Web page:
Priority Species: Roseate Tern, Little Tern, Sanderling, Purple Sandpiper, Redshank, Lapwing, Curlew, Avocet, Cormorant, Fulmar, Golden Plover, Kittiwake, Razorbill, Ringed Plover, Shelduck, Turnstone
1. Maintain existing populations and range of coastal birds in the DBAP area
2. Re-establish breeding tern colonies at suitable locations along the coast.
3. Protect, manage and improve important breeding sites and feeding areas
4. Increase public awareness and reduced disturbance of breeding and foraging birds.
Roseate Tern Targets
Vision Statement: To re-establish breeding colony of roseate tern in Sunderland Docks area or elsewhere on Durham Coast
|1. To re-establish breeding roseate terns on the Durham coast.||restore||breeding pairs||tbc|
Little Tern Targets
Vision Statement: To ensure long term breeding success for little tern in the Durham BAP area
|1. To maintain the population of little tern in the Durham BAP area.||maintain||breeding pairs||tbc|
Vision Statement: To achieve a better understanding of the factors affecting sanderling, and to increase numbers to 1980 levels.
|1. To maintain the number of wintering sanderling in the Durham BAP area.||maintain||winter peak counts||72|
Vision Statement: To achieve a better understanding of the factors affecting purple sandpiper, and to increase numbers to 1980 levels.
|1. To maintain the number of wintering purple sandpiper in the Durham BAP area||maintain||winter peak counts||23|
|1. To maintain the range of breeding redshank in the Durham BAP area.||maintain||occupied km squares||tbc|
|2. To maintain the number of wintering redshank in the Durham BAP area.||maintain||winter peak counts||780|
|1. To maintain the number of breeding territories of lapwing in the Durham BAP area.||maintain||breeding territories||tbc|
|2. To maintain the number of wintering lapwing in the Durham BAP area.||maintain||winter peak counts||1254|
|1. To maintain the range of breeding curlew in the Durham BAP area.||maintain||occupied km squares||tbc|
|2. To maintain the number of wintering curlew in the Durham BAP area.||maintain||occupied km squares||245|
Targets for Avocet, Cormorant, Fulmar, Golden Plover, Kittiwake, Razorbill, Ringed Plover, Shelduck, Turnstone still to be developed.
The most visible evidence of breeding birds along our coastline is the sight, sound and smell of seabird colonies such as Marsden. Other breeding activity is less obvious, but including terns, ringed plover and rock pipit among others.
Our coastline is also an important habitat for passage and wintering waders, including sanderling, purple sandpiper, lapwing and curlew. With Britain located on the East Atlantic flyway it provides a crucial part of the chain required by breeding waders moving anywhere between the arctic and the African continent.
Roseate tern are often seen feeding and roosting along the Durham coast following post-breeding dispersal from breeding colonies. It is likely that the majority of the birds seen will be from the long-established breeding colony on Coquet Island in Northumberland. This species does not breed in the County, but has done so in the past.
Little tern – there is a small well-established breeding colony at Crimdon.
Sanderling is a passage and winter visitor and can be seen along sandy shorelines along the coast. 100+
Purple sandpiper is a passage and winter visitor. Often overlooked, it can be seen along the rocky shorelines of the coast. 50+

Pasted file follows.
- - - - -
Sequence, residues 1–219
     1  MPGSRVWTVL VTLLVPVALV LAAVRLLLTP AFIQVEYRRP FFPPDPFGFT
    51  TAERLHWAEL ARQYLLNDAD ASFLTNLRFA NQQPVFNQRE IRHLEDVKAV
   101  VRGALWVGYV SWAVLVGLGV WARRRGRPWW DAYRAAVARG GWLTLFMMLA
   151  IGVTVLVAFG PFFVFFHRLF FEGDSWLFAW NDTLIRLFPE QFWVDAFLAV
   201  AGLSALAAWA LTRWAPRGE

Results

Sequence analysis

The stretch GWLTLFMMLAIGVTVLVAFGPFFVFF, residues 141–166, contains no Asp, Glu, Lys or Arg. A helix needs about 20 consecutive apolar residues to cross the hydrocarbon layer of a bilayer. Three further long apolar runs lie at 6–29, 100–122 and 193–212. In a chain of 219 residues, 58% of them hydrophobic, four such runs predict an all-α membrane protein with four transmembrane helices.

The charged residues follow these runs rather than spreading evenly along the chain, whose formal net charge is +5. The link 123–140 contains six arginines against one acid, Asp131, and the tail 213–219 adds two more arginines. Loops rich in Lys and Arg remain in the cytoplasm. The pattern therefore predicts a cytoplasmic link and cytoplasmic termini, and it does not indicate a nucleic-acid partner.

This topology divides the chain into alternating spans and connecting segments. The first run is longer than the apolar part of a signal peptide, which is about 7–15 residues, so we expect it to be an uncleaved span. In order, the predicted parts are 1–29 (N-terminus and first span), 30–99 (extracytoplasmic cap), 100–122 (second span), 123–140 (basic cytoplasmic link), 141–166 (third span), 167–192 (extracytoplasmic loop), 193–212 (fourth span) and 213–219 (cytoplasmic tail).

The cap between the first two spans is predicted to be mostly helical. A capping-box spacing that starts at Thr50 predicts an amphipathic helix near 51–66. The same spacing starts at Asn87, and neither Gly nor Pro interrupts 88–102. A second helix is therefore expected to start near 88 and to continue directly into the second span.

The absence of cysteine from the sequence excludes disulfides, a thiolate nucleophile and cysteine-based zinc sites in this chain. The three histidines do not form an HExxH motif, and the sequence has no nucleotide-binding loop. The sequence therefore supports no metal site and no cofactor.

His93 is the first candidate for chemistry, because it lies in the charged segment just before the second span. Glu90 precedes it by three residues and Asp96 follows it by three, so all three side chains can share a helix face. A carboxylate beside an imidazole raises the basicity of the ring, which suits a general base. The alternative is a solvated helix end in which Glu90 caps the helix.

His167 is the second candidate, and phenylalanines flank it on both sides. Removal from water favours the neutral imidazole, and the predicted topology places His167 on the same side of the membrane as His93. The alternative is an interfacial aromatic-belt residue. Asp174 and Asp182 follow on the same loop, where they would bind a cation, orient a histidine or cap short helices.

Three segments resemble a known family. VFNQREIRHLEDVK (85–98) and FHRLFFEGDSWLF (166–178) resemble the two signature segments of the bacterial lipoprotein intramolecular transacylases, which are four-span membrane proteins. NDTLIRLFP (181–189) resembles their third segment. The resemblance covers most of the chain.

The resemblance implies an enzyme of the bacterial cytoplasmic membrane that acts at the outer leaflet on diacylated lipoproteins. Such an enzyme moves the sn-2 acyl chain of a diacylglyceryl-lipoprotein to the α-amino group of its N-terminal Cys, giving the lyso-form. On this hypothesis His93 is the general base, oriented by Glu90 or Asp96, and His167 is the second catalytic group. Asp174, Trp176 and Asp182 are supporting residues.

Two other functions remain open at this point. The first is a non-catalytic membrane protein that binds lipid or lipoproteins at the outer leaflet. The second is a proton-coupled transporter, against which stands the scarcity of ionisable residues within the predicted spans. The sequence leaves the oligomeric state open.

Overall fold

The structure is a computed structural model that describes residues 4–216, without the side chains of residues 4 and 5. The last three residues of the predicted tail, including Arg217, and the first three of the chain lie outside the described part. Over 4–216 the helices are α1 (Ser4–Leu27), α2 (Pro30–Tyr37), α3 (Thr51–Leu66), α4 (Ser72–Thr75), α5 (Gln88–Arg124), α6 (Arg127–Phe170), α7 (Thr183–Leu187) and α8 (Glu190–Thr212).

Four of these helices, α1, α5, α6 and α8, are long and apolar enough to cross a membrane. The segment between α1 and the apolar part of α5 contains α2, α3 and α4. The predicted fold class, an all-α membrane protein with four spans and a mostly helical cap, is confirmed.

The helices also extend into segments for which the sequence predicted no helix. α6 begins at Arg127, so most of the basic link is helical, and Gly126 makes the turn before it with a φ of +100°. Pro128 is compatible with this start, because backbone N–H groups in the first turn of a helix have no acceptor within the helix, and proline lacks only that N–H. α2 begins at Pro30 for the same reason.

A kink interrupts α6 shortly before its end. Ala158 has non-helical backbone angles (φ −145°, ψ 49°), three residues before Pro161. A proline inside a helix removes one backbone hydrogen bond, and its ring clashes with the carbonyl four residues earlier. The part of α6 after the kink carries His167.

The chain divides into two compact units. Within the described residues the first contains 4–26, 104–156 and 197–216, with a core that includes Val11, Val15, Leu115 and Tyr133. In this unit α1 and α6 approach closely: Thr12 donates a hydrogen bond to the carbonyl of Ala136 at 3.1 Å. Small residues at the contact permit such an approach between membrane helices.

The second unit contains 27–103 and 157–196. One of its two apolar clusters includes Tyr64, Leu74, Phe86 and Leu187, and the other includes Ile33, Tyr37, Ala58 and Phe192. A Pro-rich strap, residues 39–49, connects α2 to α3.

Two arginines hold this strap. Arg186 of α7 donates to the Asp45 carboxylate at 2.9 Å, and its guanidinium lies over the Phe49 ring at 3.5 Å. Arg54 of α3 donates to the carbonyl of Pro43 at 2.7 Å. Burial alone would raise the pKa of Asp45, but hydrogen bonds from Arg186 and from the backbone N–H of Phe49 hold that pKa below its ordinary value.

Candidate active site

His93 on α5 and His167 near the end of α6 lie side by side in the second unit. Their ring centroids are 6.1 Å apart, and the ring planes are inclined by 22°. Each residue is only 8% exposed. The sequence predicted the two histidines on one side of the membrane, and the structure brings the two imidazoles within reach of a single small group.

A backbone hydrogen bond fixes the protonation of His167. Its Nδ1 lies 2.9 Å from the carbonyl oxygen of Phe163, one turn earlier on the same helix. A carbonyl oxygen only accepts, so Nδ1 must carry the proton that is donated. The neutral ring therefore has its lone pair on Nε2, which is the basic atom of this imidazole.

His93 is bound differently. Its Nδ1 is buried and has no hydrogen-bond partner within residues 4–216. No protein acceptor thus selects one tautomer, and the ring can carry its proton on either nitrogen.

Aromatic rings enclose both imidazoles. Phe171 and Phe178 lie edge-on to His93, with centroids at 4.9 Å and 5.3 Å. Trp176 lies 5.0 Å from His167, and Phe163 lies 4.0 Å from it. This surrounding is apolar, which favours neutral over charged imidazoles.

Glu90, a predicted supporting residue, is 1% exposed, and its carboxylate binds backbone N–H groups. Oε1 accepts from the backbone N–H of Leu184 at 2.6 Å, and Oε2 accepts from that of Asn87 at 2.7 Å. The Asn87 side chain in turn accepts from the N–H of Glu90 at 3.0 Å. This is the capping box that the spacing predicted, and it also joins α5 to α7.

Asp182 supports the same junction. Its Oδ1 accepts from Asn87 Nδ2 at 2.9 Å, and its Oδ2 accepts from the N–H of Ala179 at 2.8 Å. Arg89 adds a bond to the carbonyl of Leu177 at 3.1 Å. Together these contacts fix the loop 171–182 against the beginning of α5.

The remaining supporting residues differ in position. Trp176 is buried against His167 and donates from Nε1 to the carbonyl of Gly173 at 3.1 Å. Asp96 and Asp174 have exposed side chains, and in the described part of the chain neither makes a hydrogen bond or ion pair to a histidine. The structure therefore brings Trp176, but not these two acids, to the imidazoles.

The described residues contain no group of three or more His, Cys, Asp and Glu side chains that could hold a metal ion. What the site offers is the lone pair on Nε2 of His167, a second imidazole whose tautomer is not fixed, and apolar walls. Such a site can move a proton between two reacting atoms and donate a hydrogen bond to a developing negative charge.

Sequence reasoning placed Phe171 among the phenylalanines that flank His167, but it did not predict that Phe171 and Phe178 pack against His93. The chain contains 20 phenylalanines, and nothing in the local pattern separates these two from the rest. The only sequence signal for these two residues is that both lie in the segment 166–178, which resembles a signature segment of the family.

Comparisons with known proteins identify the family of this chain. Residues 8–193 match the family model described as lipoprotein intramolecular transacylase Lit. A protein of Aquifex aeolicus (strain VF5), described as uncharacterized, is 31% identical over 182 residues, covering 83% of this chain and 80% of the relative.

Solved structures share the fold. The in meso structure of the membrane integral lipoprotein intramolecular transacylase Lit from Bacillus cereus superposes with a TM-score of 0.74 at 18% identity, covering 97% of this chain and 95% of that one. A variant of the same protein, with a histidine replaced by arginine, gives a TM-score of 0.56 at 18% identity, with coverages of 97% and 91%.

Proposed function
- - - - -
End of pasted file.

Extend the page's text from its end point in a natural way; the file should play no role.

Redshank utilise all inter-tidal areas; mudflat, sand and rocks and the coast supports good numbers (400+) on passage and wintering. Many of these birds are not local breeding birds (which tend to move south-west to Ireland etc), but are from more northerly populations such as Iceland.
Lapwing can be found in good numbers (300+) along the coast out of the breeding season on passage and wintering. Many of these birds are not locally breeding birds, but are from northern Europe.
Curlew also utilise inter-tidal areas with birds both on passage and wintering along the coast.
There are three main threats to coastal habitats which support breeding and wintering birds:
Due to the large urban populations close to the coast, our coastline suffers heavily from disturbance by human activity. The effect of this disturbance manifests itself in two ways. The most obvious is disturbance of breeding birds – repeated disturbance can result in breeding failure through birds abandoning nests. Somewhat less obvious is the effect of disturbance on foraging birds. In low temperatures, waders frequently need to forage throughout the available time between tides if they are to survive. Frequent disturbance affects them in two ways – it reduces the amount of time they can spend feeding and also uses up valuable energy reserves through constantly having to take flight.
- Habitat Degradation
Foraging birds, such as waders, not only need the presence of the correct prey, but it also needs to be of a minimum density to make foraging viable. It is therefore crucial that the invertebrate population on which these birds feed is of the correct type and density – reduction in this biomass reduces the ability of the habitat to support these birds. The ecosystem on which these invertebrates and ultimately the birds rely, is fuelled primarily by organic matter, the bulk of which is provided from seaweed deposited on the beach. Clearing of beaches can have a double impact; firstly starving the ecosystem of this vital resource and also disturbing the top few centimetres of sediment, the crucial layer for the development of invertebrate offspring.
The third major threat is predation. Ground-nesting birds such as terns are very vulnerable to this and it can have a catastrophic effect on the breeding success.